Next, go to your site. Pretend you are someone from another planet trying to figure out what the building is and what goes on inside. Stand outside the property (but not in traffic!). Start at the curb with your eyes and slowly make a mental movie of the parking lot and the front of the store. Are the trash cans empty and clean? Is there litter in the parking lot? Are the weeds growing up through the cracks or over the curb? Are the fuel dispensers clean and working? Are the lights working? Does the air and water work? Do the building, curbs or canopy need painting or repair?

As you enter the building, check to see if the windows are clean or cracked. Inside, slowly look around. Is the floor clean? Do the lights work? Is there any old food smells? Are customers greeted when they walk in the door and thanked when they leave?

As you walk around the store, notice if the shelves are clean. Is everything priced? Are there any empty spaces on the shelves? Is there trash on the floor?

How about the foodservice? Is the foodservice area clean? Are the cups and supplies stocked? Is the food being kept at the right temperature? Is the food being stored properly? Are the coolers and freezer holding temperature correctly?

How’s the staff? Are they in uniform? Are they attentive to the customers (greeting and thanking them)? Are they working the floor when not waiting on customers? Do they have a name tag on?

And, always fun, how does the bathroom look? Is it clean? Does it have soap, towels and toilet paper? Is the hot water working? Does it smell?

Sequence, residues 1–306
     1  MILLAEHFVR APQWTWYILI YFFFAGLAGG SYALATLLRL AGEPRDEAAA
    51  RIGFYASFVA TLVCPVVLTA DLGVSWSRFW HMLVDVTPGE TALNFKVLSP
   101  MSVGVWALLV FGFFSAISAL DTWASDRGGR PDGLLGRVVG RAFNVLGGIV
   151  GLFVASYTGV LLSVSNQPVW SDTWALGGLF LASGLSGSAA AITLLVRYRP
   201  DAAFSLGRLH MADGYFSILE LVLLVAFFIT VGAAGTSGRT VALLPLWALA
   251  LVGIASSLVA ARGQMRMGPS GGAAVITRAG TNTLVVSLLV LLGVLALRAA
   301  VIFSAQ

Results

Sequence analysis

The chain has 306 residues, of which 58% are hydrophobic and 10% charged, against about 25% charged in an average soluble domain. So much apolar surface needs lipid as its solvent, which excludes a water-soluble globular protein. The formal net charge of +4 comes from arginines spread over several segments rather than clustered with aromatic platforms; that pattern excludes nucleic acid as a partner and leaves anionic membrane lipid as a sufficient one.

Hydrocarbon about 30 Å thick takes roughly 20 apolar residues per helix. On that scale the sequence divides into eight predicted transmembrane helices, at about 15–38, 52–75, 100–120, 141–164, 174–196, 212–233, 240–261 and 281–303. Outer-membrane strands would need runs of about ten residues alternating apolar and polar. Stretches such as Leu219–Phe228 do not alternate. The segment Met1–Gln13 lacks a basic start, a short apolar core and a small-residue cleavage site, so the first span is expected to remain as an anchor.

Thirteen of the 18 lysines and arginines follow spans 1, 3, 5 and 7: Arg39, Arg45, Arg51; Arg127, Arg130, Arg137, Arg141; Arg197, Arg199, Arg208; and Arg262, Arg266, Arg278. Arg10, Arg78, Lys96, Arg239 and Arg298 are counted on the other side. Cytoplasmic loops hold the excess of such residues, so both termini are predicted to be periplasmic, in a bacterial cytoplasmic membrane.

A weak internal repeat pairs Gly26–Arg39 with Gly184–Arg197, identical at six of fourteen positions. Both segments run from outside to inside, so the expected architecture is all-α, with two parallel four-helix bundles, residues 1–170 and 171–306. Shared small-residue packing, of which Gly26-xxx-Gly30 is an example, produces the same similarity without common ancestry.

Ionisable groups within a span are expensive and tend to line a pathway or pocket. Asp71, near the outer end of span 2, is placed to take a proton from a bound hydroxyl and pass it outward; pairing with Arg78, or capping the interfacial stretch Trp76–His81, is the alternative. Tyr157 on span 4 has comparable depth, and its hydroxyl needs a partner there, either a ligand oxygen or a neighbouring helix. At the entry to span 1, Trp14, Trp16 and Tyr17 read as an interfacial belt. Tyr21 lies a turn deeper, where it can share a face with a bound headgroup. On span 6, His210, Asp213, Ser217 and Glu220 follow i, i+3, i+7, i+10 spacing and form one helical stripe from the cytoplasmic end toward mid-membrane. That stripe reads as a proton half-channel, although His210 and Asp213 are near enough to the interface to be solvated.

Finally, how about the things the customer doesn’t see? Is the store room tidy? Is the cooler clean and tidy? Are the air filters clean? Is the office space in order? Are the proper cash controls being followed at the point-of-sale? Are all permits and licenses posted?

As you are walking around, list everything you notice on a sheet of paper. I suggest you organize the items into categories such as cleanliness, customer service, products, outside appearance, etc. Another option is to list them in the order you would see them when walking around.  In either case, the more detail you add to the list, the better. A good inspection list should take 30 to 45 minutes to complete. This doesn’t include the time it takes to fix the mistakes.

Once you have your checklist completed, add a space at the top for the date and who was on duty. Make a dozen copies of the checklist and put them on a clipboard. Carry the clipboard around and do your first inspection. In addition to feeling very professional (carrying a clipboard will do that to a person), you will be setting the standard for future inspections.

If you are honest with yourself, the first inspection will be terrible. No matter how good we think we are as operators, there is always room for improvement. If you look hard, with an objective view, you will find areas that need improvement. Anytime you find a new issue or problem, add it to your checklist.

The good news is that each inspection will get better if you use them as a training opportunity. Don’t immediately fix the problem yourself, unless there is a safety issue. Walk the store with whomever is on duty with the checklist in hand. Point out the areas that need improvement, as well as the areas that are done to perfection. Fix any issues as a team so that everyone can learn what is expected and what needs to be done.

After the next inspection, compare the newly completed checklist with the previous one. If the same areas continue having problems, it is a strong indicator that more coaching needs to be done. Go over the list again with the team members on staff. Once they understand there is a written standard they are being held to, they will be more motivated to achieve it.

As a training side note, providing people with definitive goals and targets is an excellent way to improve performance. Once someone knows what is expected of them, they find it easier to meet, and exceed, that expectation.

Becoming your own mystery shopper is a quick and inexpensive way to raise your store standards and improve your customer service. It makes your site ready for when the real inspectors — your customers — arrive.

Originally published at Convenience Store News.